Meanwhile in Spain, the artist, museum curator and Marilyn scholar Frederic Cabanas has published a short booklet, Marilyn in New York: Side by Side, comparing familiar images of her NYC haunts with photos of the locations today. The text is in Catalan, but the visuals are the main attraction. If you’re interested in purchasing this, visit the Cabanas Foundation website or drop a line to museu@fundaciocabanas.org

Thanks to Michelle Morgan

‘Clash by Night’ at MoMA

Clash By Night will be screened at New York’s Museum of Modern Art next Wednesday, April 10 (at 7 pm), and Sunday, April 14 (at 2:30 pm); in conjunction with a movie poster exhibition in the theatre galleries, as David Alm reports for Forbes.

“The movie poster has to be one of the 20th Century’s most enduring pieces of cultural ephemera. Created to seduce audiences into paying a cool quarter to see the pictures at the start of the so-called ‘golden age’ of Hollywood, in the 1920s, many of those posters have acquired a second life as artifacts of a bygone era.

The exhibit pairs with a film series, running April 8th through the 20th, that includes 13 films dating from 1929 through 1974 that, like the posters on display, explored sexual identity in ways ranging from deeply coded, to subtly suggestive, to brazenly forthright. Where a film, and its poster, falls on that spectrum depends largely on when the film was made.

It’s arguable that the golden age of Hollywood was golden precisely for these careful subversions, these subtly embedded messages to those who wanted something from their cinema besides a fortification of socially acceptable ideas of what it meant to be a man or a woman, or of what human sexuality should look like.”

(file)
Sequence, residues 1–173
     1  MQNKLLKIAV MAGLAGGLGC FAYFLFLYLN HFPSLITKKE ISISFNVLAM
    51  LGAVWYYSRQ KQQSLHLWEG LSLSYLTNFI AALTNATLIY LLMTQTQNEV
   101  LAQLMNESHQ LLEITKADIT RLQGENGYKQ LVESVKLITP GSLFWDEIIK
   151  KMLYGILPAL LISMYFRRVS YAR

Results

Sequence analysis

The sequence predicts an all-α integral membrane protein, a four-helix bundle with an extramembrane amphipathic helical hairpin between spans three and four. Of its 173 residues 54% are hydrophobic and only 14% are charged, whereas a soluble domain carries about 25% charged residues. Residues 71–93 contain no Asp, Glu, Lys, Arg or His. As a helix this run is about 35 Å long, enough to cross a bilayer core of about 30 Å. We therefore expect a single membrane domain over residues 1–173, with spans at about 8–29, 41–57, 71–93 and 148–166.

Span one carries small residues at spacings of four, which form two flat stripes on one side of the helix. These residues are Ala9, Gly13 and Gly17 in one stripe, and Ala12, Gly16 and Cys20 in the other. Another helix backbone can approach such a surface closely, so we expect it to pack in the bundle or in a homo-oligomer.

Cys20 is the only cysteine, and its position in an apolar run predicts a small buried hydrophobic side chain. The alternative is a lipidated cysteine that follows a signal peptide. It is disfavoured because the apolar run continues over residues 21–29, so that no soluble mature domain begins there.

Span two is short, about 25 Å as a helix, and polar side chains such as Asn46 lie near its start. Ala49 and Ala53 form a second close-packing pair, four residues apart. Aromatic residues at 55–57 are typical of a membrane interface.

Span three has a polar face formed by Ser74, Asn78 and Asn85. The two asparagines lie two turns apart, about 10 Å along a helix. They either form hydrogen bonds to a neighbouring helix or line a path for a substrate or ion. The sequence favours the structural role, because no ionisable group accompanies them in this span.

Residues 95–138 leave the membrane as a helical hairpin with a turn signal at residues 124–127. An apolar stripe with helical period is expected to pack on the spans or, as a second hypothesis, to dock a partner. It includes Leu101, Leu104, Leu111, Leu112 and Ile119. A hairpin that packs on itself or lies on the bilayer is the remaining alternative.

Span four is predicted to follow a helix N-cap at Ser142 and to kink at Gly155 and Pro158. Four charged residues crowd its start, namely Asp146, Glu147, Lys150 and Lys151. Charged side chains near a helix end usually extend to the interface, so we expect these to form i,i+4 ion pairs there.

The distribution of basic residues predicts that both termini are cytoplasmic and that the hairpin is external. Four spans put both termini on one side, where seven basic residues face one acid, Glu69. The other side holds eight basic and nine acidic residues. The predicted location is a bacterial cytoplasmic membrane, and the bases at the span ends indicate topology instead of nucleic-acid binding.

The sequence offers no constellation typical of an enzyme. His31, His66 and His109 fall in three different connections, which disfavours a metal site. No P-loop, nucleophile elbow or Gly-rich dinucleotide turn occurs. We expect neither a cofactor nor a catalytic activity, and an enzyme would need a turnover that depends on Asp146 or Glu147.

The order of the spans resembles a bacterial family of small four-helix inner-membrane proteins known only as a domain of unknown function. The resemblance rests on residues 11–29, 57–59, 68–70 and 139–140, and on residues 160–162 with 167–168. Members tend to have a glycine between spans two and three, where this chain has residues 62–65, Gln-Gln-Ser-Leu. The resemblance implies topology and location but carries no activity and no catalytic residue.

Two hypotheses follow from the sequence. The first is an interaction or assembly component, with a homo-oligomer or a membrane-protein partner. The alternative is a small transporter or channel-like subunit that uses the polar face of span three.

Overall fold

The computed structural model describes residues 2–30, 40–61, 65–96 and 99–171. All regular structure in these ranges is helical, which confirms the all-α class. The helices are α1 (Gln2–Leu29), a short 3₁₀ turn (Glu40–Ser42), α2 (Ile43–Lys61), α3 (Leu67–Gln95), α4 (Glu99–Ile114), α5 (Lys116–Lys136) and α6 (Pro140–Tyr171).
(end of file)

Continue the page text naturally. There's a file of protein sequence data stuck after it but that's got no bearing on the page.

Badman’s Marilyn Bio Set for TV Dramatisation

British author Keith Badman’s 2010 book, The Final Years Of Marilyn Monroe, is being adapted for television, Variety reports. While the book contained some valuable research, there were also some parts I felt were flawed (you can read my review here.)

“The final months of Marilyn Monroe’s life are set to be dramatized in a new series from BBC Studios that will explore her relationship with Hollywood studios and with public figures such as JFK and Bobby Kennedy.

BBC Studios, the BBC’s production and commercial arm, has teamed up with Dan Sefton and Simon Lupton’s U.K. indie producer Seven Seas Films to develop the new show. It has the working tile The Last Days of Marilyn Monroe and will be based on parts of Keith Badman’s book The Final Years of Marilyn Monroe: The Shocking True Story.

Monroe, who died in 1962 at age 36, remains the subject of enduring fascination. The producers said the series would cover a period in which her behavior became increasingly erratic as her dependence on alcohol and medication caused her glittering film career to plunge.

Sefton – whose credits include Jodie Whittaker series Trust Me, ITV drama The Good Karma Hospital, and Sky comedy Delicious – will pen the series. ‘Marilyn’s desire to be taken seriously as an actress and her battle with the powerful men who control the studio system is sadly as relevant today as it ever was,’ Sefton said.

Badman’s book tells Monroe’s story from various perspectives. The series will adopt a similar approach … No broadcaster or platform is attached to the project, but the writing and producing team, and proven source material about an enduring icon, make for a strong package, with U.S. and international appeal.”

Marilyn’s Calendar Girls Pose for Endometriosis Charity